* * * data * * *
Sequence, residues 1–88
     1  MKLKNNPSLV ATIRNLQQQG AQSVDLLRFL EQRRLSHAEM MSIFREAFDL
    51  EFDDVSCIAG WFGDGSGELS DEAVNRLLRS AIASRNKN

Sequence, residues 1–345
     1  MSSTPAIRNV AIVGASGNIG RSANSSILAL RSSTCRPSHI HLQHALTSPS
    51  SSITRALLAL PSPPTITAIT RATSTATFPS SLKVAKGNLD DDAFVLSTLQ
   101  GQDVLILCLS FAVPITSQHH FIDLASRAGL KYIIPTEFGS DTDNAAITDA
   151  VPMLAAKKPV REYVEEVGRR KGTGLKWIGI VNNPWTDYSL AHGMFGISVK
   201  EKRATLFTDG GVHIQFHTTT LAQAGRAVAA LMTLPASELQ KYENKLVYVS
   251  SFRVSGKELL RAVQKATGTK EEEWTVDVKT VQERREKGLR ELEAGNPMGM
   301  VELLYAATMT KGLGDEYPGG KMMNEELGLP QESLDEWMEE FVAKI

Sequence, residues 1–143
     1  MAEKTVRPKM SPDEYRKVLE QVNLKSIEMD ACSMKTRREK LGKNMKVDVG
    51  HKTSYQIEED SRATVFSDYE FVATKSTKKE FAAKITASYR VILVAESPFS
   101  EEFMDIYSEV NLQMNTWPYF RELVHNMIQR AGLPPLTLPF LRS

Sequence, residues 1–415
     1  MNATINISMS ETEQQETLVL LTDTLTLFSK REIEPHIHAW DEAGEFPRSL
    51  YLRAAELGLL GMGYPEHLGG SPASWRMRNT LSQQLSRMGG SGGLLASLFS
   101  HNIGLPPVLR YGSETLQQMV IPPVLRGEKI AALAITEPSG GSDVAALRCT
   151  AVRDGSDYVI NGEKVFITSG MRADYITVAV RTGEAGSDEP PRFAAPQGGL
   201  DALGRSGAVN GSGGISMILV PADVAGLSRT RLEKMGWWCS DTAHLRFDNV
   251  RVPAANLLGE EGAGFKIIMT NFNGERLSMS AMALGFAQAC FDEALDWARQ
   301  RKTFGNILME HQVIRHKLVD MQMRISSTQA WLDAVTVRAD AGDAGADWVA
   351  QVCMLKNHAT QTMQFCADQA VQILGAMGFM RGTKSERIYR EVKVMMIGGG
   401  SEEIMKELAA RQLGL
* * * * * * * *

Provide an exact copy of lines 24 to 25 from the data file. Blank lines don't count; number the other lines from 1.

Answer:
   351  QVCMLKNHAT QTMQFCADQA VQILGAMGFM RGTKSERIYR EVKVMMIGGG
   401  SEEIMKELAA RQLGL